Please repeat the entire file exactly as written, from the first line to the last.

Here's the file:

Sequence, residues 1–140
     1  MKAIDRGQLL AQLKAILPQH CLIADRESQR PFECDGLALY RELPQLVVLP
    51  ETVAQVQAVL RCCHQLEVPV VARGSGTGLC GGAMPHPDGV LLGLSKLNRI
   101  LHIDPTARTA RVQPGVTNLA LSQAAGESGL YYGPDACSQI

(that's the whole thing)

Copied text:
Sequence, residues 1–140
     1  MKAIDRGQLL AQLKAILPQH CLIADRESQR PFECDGLALY RELPQLVVLP
    51  ETVAQVQAVL RCCHQLEVPV VARGSGTGLC GGAMPHPDGV LLGLSKLNRI
   101  LHIDPTARTA RVQPGVTNLA LSQAAGESGL YYGPDACSQI